- Engine misfire repair: usually happens during acceleration or pulling up a steep hill. A misfiring engine problem will be quite noticeable and will usually trigger a Check Engine Light warning. Misfire can also damage the catalytic converter which is very expensive to repair.
- Engine stalling: a rough running engine is more prone to stalling. A weak or pending fuel pump failure, or emission system problems, can also cause engine stalling problem.
- Poor fuel mileage: if the spark plugs are worn out or the air filter is plugged fuel mileage will decrease.
- Excessive engine oil burning repair: Causes spark plug fouling, oxygen sensor failure, and catalytic converter damage. Common problem with high mileage vehicles.
- Seized spark plug replacement: if spark plugs are not replaced periodically they can get seized or stuck in the cylinder head. Often this requires replacing the cylinder head which can cost many thousands of dollars. Although the spark plug replacement interval may be 60,000 to 100,000 miles, there may be a risk of seized spark plug if they are not changed sooner.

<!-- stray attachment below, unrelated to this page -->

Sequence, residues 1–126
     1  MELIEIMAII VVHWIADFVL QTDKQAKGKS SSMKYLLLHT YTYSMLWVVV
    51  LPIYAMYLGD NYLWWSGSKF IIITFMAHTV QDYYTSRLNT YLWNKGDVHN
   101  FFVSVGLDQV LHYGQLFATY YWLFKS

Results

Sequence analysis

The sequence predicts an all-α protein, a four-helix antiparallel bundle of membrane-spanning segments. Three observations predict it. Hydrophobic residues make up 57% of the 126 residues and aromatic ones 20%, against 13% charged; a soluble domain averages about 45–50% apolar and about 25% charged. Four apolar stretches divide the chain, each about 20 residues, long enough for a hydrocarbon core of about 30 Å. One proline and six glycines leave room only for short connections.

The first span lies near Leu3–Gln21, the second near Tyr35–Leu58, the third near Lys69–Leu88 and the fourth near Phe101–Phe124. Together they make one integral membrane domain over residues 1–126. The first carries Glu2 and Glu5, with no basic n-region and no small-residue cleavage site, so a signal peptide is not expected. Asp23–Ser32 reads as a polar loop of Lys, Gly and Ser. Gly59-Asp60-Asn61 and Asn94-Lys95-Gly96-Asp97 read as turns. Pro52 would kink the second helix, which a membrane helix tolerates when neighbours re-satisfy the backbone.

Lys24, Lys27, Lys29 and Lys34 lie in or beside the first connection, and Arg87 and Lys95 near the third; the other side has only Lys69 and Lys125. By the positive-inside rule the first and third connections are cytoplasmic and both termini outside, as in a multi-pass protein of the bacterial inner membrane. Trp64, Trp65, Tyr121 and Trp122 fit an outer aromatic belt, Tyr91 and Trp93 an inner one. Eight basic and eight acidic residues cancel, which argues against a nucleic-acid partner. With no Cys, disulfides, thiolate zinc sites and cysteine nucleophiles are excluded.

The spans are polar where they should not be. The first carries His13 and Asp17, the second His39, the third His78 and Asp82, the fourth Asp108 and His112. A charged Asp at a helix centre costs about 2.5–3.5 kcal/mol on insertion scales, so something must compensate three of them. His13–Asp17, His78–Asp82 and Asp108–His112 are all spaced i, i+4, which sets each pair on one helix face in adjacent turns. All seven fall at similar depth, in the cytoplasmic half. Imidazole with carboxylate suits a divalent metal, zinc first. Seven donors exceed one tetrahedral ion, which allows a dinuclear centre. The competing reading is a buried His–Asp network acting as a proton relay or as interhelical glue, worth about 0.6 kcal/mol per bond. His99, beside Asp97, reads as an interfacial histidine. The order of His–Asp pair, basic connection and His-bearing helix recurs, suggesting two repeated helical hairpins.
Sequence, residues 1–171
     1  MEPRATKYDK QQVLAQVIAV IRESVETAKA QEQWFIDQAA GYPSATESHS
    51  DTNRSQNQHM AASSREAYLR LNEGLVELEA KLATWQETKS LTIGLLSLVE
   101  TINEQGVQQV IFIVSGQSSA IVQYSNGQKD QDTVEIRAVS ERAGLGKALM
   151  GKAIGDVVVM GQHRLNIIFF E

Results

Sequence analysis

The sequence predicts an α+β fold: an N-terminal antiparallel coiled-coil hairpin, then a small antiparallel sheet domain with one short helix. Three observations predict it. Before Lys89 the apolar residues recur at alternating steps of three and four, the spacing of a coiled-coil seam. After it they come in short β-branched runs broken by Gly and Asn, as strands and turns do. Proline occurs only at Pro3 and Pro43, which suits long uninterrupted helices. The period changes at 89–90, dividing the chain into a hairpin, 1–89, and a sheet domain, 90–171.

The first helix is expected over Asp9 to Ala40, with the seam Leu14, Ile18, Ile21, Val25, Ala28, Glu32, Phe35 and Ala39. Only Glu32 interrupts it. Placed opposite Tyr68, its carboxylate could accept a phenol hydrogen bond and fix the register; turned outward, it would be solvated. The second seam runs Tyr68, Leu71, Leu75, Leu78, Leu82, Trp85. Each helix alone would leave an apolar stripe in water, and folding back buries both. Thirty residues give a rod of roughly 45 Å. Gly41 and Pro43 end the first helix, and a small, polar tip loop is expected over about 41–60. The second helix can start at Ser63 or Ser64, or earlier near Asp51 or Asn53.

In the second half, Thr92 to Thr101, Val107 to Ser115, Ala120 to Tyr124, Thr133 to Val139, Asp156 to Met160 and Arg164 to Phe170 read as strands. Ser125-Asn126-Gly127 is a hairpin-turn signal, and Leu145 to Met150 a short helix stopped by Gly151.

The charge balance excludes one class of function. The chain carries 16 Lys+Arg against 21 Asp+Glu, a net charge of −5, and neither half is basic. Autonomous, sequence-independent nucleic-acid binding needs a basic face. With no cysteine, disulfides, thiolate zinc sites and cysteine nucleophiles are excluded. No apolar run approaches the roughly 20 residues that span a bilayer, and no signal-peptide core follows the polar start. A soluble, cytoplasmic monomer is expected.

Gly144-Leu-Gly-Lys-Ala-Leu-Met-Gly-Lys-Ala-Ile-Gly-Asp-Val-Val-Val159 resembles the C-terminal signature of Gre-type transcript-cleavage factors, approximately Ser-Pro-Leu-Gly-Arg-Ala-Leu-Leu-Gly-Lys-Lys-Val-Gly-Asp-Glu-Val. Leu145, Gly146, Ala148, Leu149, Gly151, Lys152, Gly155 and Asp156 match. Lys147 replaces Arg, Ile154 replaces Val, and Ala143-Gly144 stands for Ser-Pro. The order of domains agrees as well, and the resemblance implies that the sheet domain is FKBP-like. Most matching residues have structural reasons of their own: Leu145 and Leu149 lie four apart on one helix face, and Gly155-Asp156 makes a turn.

- Ignition part replacement: worn spark plugs overload and cause damage to other ignition parts. Ignition coil failure can be caused by bad spark plugs.
- Catalytic converter replacement: caused by spark plug misfire and excessive engine oil burning.
Historically the term 'tune-up' was associated with the frequent replacement of ignition parts like spark plugs and breaker points. Demands for lower vehicle emissions and greater fuel economy pushed vehicle manufacturers to adopt electronic ignition systems and replace the carburetor with electronic fuel injection. This eliminated the need for frequent tune up part replacement and adjustment of many ignition and fuel system parts.
High Tech Tune-ups
As vehicle technology progressed the procedures required to perform a tuneup changed dramatically. Highly sophisticated ignition and fuel systems using one or more computers to control critical engine and transmission management functions required sophisticated tools and auto repair technician skills. Fuel consumption and exhaust emissions decreased, and tune-up intervals became much longer.